In today’s structured social-financial system, we can buy every tangible product or asset, and even several services, on instalments. We buy products/assets which we cannot pay for in one sum (generally these are the ones that cost you a month’s full salary or more), on periodic instalments. Due to the increasingly complex sofware systems we use, these now often cost more than a month’s salary. In situations where the software is sold to entities in third-world or developing countries, the software sometimes costs an individual’s entire year’s salary. Yes, it does. Naturally, piracy is rampant and when you know that you aren’t going to get caught and you can have the whole thing for free, without hassles, why bother paying?
There’s a way out of this structured disorder ( at least for certain products and markets): Purchasing software on instalments.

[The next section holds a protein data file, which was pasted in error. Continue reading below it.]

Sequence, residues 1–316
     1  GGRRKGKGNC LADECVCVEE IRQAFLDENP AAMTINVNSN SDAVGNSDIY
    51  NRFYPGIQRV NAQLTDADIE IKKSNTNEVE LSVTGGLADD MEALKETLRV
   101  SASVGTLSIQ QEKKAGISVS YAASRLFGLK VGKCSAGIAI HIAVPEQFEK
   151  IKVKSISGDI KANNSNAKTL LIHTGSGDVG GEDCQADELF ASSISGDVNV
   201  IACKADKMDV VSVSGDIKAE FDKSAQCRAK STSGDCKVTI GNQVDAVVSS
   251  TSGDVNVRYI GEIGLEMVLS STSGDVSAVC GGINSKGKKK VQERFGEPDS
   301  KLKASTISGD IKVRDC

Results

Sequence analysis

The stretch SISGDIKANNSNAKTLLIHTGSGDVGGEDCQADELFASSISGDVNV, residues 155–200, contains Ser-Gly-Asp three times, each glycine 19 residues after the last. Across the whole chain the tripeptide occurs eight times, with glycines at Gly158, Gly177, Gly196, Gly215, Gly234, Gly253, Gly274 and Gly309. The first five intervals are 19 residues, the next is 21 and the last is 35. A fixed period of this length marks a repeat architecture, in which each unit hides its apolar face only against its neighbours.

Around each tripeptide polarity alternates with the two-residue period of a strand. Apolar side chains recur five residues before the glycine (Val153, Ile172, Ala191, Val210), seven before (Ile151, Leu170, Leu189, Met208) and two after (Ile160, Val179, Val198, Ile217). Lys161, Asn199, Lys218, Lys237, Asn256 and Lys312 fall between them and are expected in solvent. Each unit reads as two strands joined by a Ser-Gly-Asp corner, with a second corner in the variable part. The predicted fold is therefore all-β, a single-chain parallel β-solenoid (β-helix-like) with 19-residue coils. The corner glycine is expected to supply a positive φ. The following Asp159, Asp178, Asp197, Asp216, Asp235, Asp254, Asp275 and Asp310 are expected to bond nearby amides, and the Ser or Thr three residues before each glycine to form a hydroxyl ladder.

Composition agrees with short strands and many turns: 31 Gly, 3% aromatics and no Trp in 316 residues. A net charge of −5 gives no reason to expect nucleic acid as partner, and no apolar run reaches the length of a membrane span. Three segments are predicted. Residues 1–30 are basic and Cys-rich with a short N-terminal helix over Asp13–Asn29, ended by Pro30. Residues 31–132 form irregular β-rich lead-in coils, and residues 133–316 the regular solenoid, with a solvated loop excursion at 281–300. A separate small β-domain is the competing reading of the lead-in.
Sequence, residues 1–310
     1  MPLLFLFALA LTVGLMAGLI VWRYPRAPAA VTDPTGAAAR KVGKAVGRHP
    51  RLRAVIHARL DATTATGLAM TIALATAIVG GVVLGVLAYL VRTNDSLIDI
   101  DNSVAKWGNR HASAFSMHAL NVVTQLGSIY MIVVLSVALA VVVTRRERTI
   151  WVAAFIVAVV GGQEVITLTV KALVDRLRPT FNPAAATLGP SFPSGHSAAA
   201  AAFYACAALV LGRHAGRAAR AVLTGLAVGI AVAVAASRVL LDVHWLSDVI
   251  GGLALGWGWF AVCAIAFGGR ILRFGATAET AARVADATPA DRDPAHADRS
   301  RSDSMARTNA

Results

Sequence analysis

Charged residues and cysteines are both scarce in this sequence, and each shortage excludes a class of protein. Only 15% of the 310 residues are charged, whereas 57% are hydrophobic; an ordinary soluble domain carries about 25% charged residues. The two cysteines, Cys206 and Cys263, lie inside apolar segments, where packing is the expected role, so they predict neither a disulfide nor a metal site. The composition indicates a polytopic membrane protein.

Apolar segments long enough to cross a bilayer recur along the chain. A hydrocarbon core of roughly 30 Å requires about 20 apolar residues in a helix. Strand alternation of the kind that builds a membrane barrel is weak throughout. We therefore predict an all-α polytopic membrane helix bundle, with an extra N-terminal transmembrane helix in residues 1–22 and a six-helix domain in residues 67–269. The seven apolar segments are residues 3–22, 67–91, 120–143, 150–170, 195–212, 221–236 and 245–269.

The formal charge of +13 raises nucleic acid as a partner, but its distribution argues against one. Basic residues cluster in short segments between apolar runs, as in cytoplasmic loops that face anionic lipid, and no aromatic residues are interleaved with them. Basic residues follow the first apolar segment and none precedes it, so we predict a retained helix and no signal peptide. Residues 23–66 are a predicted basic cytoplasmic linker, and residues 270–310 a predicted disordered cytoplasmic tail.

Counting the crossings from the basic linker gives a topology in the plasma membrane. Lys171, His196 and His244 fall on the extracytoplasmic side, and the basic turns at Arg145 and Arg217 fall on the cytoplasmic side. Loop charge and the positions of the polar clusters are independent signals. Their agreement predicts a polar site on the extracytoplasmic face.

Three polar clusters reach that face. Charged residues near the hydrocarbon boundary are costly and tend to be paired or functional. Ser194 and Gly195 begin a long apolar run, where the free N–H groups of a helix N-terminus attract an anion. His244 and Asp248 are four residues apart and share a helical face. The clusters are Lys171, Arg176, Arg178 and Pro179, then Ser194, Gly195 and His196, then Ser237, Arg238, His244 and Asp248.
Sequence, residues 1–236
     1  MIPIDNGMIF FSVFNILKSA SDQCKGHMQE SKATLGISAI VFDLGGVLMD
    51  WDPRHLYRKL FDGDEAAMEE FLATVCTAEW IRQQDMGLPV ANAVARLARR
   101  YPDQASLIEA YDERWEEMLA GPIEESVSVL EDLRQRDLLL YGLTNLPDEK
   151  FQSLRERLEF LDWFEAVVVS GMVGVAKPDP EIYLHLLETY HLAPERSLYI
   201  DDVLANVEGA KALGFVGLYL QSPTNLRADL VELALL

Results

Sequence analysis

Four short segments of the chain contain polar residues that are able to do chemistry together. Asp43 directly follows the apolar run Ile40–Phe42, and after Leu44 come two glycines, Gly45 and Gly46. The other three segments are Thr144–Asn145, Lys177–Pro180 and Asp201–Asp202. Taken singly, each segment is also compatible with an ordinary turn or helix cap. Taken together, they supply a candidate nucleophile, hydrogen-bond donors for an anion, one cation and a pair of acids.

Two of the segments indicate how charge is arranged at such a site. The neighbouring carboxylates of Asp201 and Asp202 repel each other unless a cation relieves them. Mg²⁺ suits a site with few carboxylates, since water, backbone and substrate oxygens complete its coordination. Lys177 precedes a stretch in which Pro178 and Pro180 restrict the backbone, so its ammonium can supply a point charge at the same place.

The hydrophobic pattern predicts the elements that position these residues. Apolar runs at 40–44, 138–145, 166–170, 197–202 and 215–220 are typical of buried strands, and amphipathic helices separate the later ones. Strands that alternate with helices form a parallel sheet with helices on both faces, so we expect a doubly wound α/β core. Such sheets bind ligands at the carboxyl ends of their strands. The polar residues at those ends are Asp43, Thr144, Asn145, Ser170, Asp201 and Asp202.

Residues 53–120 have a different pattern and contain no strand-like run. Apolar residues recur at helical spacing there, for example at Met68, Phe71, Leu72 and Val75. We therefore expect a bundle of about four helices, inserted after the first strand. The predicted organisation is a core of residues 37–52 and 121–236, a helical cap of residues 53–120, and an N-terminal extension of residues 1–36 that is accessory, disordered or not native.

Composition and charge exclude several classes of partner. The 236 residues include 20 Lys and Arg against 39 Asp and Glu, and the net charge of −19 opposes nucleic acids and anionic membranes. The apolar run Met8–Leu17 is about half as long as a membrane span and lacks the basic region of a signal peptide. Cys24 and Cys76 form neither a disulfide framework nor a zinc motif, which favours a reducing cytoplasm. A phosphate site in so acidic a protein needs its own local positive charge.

Why bother making a new system of this kind and getting more headaches to handle? As it is, software companies have enough issues wth product stability ( MS, basic operative predictability), support, competition and innovation.
The answer is, till a few years ago, we did not have the institutions or technology in place to handle these things. Now, we do.
ShareIt! and Paypal for example.
Microsoft is already proclaiming Micropayments. Skype is already using it – prepaid talktime. (I don’t know how many hundres of others – these are the first two that came to mind)
Yes the bank route has been there for ages, but that also means opening an account, doing paperwork, submitting documents, waiting for approvals…. you get the idea. No such here. Buy one Paypal / ShareIt! / other account *once*. Work from inside that place for everything else online.
Look at the prices of the latest Adobe Creative Suite. All your creativity will be drained by that one line at the end : “$1,788.30 only”